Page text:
Clinical Orthopaedics and Related Research ®

A Publication of The Association of Bone and Joint Surgeons ®

Do Surgeon Expectations Predict Clinically Important Improvements in WOMAC Scores After THA and TKA?

Hassan M. K. Ghomrawi PhD, MPH, Carol A. Mancuso MD, Allison Dunning MS, Alejandro Gonzalez Della Valle MD, Michael Alexiades MD, Charles Cornell MD, Thomas Sculco MD, Matthias Bostrom MD, David Mayman MD, Robert G. Marx MD, Geoffrey Westrich MD, Michael O’Dell MD, Alvin I. Mushlin MD



Failure of THA or TKA to meet a patient’s expectations may result in patient disappointment and litigation. However, there is little evidence to suggest that surgeons can consistently anticipate which patients will benefit from those interventions.


To determine the ability of surgeons to identify, in advance of surgery, patients who will benefit from THA or TKA and those who will not, where ‘benefit’ is defined as a clinically important improvement in a validated patient-reported outcomes score.


In this prospective study, eight high-volume orthopaedic surgeons completed validated THA and TKA expectations questionnaires (score 0–100, 100 being the highest expectation) as part of preoperative assessment of all their patients scheduled for a THA or TKA and enrolled in the Hospital for Special Surgery institutional registry. Enrolled patients completed the WOMAC preoperatively and at 2 years. Successful outcomes were defined as achieving the minimum clinically important difference (MCID) in WOMAC pain and function subscales. Sensitivity, specificity, and receiver operating characteristic (ROC) curves were used to evaluate the ability of surgeons’ expectation scores to identify patients likely to achieve the MCID on the WOMAC scale. Analyses were run separately for patients having THA and TKA. We enrolled 259 patients undergoing THA and 247 undergoing TKA, of whom 77% (n = 200) and 77% (n = 191) completed followup surveys 2 years after their procedures, respectively.


Surgeons’ expectation scores effectively anticipated patients who would improve after THA, but they were no better than chance in identifying patients who would achieve the MCID on the WOMAC score 2 years after TKA. For patients having THA, the areas under the ROC curve were 0.67 (95% CI, 0.53–0.82; p = 0.02) and 0.74 (95% CI, 0.63–0.85; p < 0.01) for WOMAC function and pain outcomes, respectively, indicating good accuracy. Sensitivity and specificity were maximized on WOMAC pain and function scores (sensitivity = 0.69, specificity = 0.72, both for pain and function) at an expectations score of 83 or greater of 100. Surgeons’ expectations were more accurate for patients who were men, who had a BMI less than 30 kg/m, who had more than one comorbidity, and who were older than 65 years. For patients having TKA, surgeons’ expectation scores were not better than chance for identifying those who would experience a clinically important improvement on the WOMAC scale (area under ROC curve: Function = 0.51, [95% CI, 0.42–0.61], p = 0.78; Pain = 0.51, [95% CI, 0.40–0.61], p = 0.92).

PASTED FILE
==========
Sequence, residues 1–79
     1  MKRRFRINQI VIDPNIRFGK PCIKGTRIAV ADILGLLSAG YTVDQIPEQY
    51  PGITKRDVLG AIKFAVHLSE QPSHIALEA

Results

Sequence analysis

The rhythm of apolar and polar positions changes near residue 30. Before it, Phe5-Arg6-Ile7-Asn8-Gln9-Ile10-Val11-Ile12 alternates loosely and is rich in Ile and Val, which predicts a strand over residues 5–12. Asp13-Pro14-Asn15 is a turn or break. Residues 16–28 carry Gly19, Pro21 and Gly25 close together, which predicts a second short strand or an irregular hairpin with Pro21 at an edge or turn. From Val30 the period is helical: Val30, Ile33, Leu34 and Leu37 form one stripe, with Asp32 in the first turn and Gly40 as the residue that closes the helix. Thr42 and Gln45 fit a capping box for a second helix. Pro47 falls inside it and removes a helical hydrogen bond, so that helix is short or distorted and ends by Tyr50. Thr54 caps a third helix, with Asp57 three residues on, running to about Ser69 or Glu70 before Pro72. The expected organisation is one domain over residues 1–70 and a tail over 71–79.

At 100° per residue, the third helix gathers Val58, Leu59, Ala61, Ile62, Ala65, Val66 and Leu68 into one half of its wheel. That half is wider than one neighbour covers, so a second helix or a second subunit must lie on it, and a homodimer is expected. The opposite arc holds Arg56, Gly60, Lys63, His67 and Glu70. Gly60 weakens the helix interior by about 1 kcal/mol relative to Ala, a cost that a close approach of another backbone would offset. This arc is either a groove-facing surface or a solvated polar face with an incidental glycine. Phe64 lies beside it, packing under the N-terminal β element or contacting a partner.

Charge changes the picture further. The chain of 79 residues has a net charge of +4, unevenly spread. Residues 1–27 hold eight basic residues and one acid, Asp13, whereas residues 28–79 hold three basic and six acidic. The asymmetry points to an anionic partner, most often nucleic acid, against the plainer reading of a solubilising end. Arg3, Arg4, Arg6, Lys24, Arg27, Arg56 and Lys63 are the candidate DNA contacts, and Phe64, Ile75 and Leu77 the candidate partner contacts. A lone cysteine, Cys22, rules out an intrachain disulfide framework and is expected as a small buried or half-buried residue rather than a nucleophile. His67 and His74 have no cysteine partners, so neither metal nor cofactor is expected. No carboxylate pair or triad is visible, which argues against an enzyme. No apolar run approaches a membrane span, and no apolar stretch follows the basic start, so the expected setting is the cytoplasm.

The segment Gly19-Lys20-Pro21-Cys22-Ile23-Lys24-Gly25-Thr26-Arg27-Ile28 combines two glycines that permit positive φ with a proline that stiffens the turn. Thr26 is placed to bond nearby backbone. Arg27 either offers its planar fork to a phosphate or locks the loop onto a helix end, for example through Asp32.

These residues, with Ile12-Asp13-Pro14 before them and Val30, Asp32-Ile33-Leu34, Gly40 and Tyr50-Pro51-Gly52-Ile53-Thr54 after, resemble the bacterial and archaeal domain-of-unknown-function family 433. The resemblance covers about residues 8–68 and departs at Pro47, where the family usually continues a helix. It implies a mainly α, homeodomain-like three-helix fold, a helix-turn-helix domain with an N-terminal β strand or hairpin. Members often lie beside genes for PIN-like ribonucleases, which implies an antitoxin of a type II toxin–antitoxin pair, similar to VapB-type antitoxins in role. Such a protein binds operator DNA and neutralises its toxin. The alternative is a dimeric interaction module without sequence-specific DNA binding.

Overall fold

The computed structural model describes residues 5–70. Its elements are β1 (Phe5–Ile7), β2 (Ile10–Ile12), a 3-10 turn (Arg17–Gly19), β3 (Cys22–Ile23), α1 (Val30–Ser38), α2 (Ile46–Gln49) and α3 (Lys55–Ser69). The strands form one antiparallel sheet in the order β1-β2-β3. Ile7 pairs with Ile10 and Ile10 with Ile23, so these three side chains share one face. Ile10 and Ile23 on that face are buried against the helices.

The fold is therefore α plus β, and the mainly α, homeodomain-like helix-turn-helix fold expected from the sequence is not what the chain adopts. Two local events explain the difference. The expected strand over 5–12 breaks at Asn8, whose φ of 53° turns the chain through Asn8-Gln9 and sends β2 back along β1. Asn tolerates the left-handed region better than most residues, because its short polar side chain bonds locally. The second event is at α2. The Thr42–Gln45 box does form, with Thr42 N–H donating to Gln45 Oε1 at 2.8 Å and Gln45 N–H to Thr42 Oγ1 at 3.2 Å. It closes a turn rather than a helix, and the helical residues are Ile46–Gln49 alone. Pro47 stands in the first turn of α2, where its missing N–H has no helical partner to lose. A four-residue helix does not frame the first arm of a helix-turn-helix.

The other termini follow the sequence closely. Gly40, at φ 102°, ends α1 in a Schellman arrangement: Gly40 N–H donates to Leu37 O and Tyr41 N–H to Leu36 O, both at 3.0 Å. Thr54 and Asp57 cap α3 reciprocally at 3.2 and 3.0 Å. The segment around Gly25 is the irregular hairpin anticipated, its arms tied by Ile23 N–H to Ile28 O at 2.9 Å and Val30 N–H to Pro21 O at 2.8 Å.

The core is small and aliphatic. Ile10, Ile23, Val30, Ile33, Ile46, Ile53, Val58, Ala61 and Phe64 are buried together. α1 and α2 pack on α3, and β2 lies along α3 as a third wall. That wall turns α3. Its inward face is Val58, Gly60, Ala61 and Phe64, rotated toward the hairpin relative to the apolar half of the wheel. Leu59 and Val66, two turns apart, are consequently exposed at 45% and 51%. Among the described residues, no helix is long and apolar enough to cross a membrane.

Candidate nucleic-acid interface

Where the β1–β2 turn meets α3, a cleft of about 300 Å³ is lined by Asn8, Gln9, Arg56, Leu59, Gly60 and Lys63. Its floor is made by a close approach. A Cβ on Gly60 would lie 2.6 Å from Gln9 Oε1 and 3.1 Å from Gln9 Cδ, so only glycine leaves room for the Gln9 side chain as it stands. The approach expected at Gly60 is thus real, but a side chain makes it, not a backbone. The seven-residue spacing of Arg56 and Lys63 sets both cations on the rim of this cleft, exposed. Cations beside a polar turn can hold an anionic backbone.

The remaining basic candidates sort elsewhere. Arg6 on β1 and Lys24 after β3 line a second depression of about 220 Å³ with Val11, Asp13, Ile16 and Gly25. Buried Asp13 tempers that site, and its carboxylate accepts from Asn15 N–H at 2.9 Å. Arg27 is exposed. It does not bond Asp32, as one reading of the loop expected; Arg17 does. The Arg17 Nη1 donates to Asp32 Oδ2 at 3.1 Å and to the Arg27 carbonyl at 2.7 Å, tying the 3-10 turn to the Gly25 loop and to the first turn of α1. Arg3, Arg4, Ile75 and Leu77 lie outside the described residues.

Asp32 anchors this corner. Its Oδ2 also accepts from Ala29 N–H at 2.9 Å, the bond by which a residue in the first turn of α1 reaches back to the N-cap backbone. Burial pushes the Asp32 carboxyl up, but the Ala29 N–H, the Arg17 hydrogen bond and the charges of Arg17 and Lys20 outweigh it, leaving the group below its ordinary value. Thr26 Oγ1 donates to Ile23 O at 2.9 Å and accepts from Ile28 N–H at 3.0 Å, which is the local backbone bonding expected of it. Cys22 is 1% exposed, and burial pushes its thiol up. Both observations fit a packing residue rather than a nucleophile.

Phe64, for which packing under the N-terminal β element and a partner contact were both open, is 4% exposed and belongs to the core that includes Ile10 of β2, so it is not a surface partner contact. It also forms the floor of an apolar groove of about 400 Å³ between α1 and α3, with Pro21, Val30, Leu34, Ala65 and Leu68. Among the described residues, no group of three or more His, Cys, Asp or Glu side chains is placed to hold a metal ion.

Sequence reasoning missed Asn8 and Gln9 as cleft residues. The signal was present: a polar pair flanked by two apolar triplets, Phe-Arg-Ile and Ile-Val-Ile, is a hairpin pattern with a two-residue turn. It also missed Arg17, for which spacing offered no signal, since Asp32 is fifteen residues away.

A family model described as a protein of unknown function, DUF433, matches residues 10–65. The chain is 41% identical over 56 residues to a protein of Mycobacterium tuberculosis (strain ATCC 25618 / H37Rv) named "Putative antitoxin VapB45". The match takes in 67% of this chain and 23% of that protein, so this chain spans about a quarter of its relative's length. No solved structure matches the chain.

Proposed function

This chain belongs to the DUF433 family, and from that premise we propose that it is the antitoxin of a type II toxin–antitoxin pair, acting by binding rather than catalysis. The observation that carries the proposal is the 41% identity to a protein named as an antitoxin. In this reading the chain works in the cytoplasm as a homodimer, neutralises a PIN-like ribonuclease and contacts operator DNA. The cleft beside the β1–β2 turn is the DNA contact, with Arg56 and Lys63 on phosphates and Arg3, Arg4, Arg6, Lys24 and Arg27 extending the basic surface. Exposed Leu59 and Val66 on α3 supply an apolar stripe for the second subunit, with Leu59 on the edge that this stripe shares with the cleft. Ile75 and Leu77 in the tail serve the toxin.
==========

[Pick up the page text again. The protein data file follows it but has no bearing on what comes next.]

Most patients having THA and TKA achieved the MCID improvement after surgery. However, the inability of surgeons’ expectation scores to discriminate accurately between patients who benefit and those who do not among patients scheduled for THA who are young, with no comorbidities, and with elevated BMIs, and among all patients scheduled for TKA, calls for surgeons to spend more time with these patients to fully understand and address their needs and expectations. Using standardized assessment tools to compare surgeons’ expectations and those of their patients may help focus the surgeon-patient discussion further, and address patients’ expectations more effectively.

Level of Evidence

Level II, therapeutic study.

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